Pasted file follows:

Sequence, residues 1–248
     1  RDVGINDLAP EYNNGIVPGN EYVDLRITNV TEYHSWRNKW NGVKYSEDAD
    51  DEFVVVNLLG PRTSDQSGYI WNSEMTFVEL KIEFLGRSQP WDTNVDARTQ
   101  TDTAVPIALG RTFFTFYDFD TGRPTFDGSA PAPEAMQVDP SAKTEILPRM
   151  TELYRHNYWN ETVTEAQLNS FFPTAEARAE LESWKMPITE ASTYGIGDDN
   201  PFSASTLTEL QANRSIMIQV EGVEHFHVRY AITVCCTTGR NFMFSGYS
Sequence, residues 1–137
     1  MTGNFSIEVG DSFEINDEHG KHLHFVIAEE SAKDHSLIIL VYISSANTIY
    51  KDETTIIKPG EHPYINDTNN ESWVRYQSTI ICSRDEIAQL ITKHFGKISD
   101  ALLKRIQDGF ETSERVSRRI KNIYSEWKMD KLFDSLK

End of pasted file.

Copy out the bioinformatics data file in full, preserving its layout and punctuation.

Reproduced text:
Sequence, residues 1–248
     1  RDVGINDLAP EYNNGIVPGN EYVDLRITNV TEYHSWRNKW NGVKYSEDAD
    51  DEFVVVNLLG PRTSDQSGYI WNSEMTFVEL KIEFLGRSQP WDTNVDARTQ
   101  TDTAVPIALG RTFFTFYDFD TGRPTFDGSA PAPEAMQVDP SAKTEILPRM
   151  TELYRHNYWN ETVTEAQLNS FFPTAEARAE LESWKMPITE ASTYGIGDDN
   201  PFSASTLTEL QANRSIMIQV EGVEHFHVRY AITVCCTTGR NFMFSGYS
Sequence, residues 1–137
     1  MTGNFSIEVG DSFEINDEHG KHLHFVIAEE SAKDHSLIIL VYISSANTIY
    51  KDETTIIKPG EHPYINDTNN ESWVRYQSTI ICSRDEIAQL ITKHFGKISD
   101  ALLKRIQDGF ETSERVSRRI KNIYSEWKMD KLFDSLK